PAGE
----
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Should I have my child tested for the gifted program?

By Dr. Michelle Alvarez, Consulting Educator

Question:

My daughter is in first grade but is working above grade level in everything except spelling. She reads at a third-grade level, and her math is at a second-grade level.

Her teacher will not give her extra work or work at higher levels. She suggested that I test her for the gifted program, which is at another school in the district. If my daughter doesn't test in the 95% for the gifted test, the teacher said there is nothing she can or will do. My daughter always loved school. Now she is coming home saying that it was boring and she hates school. I believe in creating a love of learning, and I am afraid my daughter is not going in this direction. I have already gone to the principal, but as she is a good friend of the teacher she does not see a problem. Do you have any suggestions?

Answer:

Within a classroom there are students working at different academic levels. In most cases the teacher fosters growth in each of her students by challenging them with class work. It appears that you have done everything you can to approach the teacher about providing your daughter with more challenging work.

Although not the option you were hoping for, one possibility would be to see if the teacher would allow your daughter to work on additional school work after she has completed the work required for that class. I used to send in workbooks that I bought at a local educational store with my daughter. As soon as she finished her work in a subject area, she would pull out the supplemental workbook and complete pages in that book. She would bring the book home and I would be responsible for reviewing it with her. This challenged her more during school hours but did not put the expectation on the teacher that she/he would grade the additional work. Another option is to approach the school counselor or school psychologist about ideas for challenging your daughter. Finally, you might want to seek activities before, during or after school that challenge your daughter. You could even offer to sponsor an activity and bring in a community agency such as Toastmasters to teach a skill. Each year will be a new situation and when your daughter is in second grade you may get a teacher that is more flexible. Having your child tested for the gifted program is another topic. If the teacher suggested you have your child tested, then she probably thinks she might qualify. A gifted program is a great way to supplement what your daughter is doing in the classroom with activities that challenge her. Qualifying for a gifted program is different in every state/school district. There is no harm in having her tested for the gifted program. If she qualifies, then you can make the decision about sending her to the other school. If she doesn't qualify, try the suggestions mentioned above.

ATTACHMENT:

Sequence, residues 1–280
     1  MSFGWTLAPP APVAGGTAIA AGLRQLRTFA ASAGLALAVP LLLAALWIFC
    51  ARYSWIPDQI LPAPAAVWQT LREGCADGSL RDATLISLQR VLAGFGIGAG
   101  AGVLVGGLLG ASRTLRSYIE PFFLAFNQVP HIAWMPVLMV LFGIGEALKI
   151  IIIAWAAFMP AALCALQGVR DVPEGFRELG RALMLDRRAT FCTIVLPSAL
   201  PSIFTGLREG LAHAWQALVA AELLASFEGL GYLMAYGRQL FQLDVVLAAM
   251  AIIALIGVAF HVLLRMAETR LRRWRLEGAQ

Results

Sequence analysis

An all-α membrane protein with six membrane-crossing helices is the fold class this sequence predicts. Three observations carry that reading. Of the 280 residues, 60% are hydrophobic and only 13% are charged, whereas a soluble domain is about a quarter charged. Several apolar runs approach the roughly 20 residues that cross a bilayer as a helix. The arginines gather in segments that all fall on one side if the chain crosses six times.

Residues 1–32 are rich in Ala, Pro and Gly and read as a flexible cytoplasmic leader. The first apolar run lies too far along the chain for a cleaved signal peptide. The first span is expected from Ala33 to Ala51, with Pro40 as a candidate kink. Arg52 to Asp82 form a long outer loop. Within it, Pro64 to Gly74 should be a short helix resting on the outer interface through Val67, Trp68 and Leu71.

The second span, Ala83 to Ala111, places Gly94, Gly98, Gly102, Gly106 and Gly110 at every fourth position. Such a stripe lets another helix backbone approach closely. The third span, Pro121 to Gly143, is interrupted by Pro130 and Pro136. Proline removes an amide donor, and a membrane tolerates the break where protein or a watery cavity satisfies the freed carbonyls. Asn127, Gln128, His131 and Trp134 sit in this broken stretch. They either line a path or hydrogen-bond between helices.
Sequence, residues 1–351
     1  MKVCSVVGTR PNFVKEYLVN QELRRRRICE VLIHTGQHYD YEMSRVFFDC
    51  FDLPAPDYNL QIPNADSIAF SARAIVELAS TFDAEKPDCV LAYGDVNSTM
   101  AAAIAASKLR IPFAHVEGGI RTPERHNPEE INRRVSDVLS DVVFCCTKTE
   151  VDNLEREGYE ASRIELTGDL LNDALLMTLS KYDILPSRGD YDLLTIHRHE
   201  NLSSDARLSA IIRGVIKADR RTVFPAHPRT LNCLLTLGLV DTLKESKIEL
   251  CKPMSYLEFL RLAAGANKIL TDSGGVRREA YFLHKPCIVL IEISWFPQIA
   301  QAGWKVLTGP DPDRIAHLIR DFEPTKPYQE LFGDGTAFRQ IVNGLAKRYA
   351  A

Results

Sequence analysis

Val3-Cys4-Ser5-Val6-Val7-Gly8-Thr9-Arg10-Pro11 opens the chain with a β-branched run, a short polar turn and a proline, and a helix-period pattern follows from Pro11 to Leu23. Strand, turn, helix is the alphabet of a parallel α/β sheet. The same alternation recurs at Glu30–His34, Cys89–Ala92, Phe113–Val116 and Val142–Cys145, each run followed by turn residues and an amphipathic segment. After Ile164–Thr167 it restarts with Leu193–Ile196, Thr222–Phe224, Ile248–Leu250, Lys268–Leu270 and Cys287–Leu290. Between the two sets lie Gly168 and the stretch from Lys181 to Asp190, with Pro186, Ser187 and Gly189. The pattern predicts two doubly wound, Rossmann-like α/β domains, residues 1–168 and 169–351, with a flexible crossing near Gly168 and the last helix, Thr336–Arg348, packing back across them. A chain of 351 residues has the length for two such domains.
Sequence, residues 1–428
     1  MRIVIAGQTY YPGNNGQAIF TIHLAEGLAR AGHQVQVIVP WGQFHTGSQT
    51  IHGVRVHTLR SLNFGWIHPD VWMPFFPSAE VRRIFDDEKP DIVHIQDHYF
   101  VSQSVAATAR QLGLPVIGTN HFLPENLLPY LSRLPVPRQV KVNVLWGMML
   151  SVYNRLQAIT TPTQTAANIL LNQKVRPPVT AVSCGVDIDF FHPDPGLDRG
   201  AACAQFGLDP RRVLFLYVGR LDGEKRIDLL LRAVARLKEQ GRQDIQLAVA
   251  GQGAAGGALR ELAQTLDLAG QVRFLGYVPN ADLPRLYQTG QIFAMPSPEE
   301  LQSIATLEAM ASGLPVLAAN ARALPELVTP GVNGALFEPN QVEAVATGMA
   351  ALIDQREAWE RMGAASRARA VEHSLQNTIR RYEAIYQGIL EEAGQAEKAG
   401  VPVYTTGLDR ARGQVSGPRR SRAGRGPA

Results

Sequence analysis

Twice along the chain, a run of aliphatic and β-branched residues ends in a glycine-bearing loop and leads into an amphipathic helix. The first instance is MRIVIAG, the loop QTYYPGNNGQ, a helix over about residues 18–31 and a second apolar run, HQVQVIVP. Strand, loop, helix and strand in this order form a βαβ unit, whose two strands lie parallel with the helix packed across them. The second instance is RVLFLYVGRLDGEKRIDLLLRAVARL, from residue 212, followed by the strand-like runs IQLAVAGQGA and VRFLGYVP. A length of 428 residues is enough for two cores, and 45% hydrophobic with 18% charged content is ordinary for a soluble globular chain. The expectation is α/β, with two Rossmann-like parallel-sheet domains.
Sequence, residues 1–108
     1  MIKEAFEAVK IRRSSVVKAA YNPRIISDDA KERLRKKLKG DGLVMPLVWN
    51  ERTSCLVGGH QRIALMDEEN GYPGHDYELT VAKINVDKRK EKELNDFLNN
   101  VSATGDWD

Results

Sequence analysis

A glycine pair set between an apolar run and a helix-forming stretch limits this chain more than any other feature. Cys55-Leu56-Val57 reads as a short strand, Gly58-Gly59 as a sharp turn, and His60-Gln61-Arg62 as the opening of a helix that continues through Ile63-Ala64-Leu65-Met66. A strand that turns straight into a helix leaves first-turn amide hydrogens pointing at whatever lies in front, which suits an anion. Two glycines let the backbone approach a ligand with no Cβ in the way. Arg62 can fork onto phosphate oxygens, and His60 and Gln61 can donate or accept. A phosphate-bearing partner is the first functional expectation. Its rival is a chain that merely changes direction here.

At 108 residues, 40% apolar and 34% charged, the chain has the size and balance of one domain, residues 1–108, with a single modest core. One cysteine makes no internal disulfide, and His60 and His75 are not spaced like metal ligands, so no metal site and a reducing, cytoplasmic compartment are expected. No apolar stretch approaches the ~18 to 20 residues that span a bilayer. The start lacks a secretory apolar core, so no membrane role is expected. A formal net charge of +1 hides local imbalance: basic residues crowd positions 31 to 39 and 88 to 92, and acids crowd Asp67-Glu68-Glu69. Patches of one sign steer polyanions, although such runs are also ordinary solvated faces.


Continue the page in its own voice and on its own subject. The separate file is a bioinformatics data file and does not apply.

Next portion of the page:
Dr. Michelle Alvarez is an adjunct professor at the University of Southern Indiana and project director of Safe Schools/Healthy Students for the Evansville-Vanderburgh School Corporation. A former school social worker in Pinellas County, Florida, she is co-editor of School Social Work: Theory to Practice and chair of the National Association of Social Workers, School Social Work Section. She is also the parent of a special needs child.

Advice from our experts is not a substitute for professional diagnosis or treatment from a health-care provider or learning expert familiar with your unique situation. We recommend consulting a qualified professional if you have concerns about your child's condition.

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